JUBA (Reuters) - South Sudan suspended a Catholic radio station after it investigated the suspicious death of a prisoner, reporters and human rights activists said on Wednesday, the latest crackdown on media in the young republic.
Journalists in South Sudan, which seceded from Sudan in 2011, often complain of harassment and arbitrary detention by the security forces, a loose conglomeration of former militias from decades of civil war with Khartoum.
The government of the central Lakes state ordered the Good News Radio station on Friday to stop broadcasting for three days for "criticizing the government", said Fernando Colombo, the administrator of the Catholic diocese that owns the station.
He did not elaborate but reporters and human rights activists said the station had annoyed the government by questioning the official line on the death of a civilian in jail, among other critical reports.
"The Lakes state government is intimidating the media, harassing media personnel and trying to malign those who are speaking against the abuses of human rights," said Biel Boutrous Biel, head of the South Sudan Human Rights Society for Advocacy.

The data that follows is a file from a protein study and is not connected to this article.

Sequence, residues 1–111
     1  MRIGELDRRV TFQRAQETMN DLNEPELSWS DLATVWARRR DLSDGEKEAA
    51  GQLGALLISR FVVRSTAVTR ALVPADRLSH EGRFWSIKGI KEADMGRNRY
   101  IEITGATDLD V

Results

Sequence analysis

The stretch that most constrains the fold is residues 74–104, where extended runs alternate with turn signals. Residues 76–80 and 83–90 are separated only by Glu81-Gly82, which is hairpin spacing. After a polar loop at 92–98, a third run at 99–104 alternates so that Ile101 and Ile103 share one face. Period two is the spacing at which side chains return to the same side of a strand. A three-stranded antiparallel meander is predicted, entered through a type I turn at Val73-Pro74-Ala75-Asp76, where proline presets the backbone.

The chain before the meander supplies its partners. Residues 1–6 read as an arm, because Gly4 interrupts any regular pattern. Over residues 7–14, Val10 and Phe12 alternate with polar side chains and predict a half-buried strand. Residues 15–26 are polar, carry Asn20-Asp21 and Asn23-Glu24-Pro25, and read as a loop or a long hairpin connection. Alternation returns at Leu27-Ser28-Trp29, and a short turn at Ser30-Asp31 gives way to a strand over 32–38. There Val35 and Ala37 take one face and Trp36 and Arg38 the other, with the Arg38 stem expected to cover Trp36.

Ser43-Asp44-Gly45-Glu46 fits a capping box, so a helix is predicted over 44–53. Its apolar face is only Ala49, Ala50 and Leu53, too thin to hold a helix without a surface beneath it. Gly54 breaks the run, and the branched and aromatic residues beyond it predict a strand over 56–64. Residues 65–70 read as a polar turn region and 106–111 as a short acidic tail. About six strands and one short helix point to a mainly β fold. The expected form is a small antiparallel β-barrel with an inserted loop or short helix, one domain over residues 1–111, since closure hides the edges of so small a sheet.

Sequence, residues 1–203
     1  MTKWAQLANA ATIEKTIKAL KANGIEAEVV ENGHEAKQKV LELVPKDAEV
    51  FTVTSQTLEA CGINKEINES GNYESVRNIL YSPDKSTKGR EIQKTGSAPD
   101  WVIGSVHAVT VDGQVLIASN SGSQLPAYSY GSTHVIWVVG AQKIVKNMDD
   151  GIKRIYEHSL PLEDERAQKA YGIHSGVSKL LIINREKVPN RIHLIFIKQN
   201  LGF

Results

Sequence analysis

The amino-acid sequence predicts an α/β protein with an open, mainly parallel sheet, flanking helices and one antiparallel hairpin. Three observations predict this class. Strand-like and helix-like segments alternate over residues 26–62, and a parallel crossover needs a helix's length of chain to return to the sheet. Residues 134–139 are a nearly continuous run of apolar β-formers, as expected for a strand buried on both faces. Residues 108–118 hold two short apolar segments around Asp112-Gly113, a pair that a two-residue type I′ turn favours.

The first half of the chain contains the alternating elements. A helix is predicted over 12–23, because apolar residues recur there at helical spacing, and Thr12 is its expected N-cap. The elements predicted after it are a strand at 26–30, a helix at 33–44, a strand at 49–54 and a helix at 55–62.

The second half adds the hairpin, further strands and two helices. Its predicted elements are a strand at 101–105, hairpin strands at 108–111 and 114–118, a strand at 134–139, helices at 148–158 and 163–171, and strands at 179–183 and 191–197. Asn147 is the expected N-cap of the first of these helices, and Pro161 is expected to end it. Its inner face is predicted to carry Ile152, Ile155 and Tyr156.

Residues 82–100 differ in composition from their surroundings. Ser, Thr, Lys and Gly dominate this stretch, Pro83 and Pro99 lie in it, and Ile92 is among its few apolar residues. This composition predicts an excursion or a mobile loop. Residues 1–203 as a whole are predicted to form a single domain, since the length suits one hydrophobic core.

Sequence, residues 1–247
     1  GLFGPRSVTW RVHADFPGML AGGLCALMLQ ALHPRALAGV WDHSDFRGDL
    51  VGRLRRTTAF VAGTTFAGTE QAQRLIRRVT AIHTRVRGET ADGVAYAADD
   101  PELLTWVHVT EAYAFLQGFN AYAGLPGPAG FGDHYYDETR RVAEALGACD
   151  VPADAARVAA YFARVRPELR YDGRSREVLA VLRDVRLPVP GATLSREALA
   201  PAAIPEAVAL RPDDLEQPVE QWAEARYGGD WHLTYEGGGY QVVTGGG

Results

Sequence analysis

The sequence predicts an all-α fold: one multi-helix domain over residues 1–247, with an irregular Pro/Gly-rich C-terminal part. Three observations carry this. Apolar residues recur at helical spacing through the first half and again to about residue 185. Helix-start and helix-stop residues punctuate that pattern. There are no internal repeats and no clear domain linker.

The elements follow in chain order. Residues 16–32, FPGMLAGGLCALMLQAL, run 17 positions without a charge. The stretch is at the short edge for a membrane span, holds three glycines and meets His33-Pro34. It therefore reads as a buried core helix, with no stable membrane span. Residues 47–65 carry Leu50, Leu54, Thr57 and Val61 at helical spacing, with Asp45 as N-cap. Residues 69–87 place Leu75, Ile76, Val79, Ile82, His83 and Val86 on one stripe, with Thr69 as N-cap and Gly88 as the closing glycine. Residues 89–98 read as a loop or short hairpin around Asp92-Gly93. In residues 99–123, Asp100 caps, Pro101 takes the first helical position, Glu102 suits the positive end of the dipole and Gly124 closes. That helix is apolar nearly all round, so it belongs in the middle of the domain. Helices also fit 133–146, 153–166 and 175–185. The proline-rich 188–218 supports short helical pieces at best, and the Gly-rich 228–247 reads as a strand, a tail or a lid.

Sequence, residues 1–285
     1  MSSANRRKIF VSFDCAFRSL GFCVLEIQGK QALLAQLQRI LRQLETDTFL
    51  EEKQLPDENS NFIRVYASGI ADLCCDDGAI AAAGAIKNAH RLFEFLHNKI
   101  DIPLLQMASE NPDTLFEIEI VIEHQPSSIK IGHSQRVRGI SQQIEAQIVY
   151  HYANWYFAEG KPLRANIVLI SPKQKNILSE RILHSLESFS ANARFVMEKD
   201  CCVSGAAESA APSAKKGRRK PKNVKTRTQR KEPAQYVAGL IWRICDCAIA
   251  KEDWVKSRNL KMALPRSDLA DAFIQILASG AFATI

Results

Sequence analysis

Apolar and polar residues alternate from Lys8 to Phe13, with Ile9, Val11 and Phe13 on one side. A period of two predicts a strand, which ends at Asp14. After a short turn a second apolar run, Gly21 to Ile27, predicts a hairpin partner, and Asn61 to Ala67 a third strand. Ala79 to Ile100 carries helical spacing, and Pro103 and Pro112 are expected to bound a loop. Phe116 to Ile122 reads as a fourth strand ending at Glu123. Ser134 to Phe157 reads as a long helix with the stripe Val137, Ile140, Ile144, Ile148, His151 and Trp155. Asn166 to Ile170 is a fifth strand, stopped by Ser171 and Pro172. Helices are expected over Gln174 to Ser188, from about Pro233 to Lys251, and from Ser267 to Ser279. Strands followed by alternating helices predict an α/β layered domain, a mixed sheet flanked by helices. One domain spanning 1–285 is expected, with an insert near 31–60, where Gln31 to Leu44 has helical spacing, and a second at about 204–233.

The regional government, which is headed by an interim military governor, could not be reached. Last month, New York-based Human Rights Watch accused the army of having detained 130 civilians without charge in Lakes state since February.
Good News Radio went back on air on Monday evening but was playing only music. Former acting director Peter Mapuor Makur said reporters were afraid to return to work.
South Sudan, a staunch U.S. ally, is a country without media law where the government is made up mostly of former guerilla commanders who dislike scrutiny.
This year, South Sudan slipped 13 places to 124 out of 179 countries on a press freedom index compiled by the media watchdog Reporters Without Borders.
(Writing by Ulf Laessing; Editing by Kevin Liffey)
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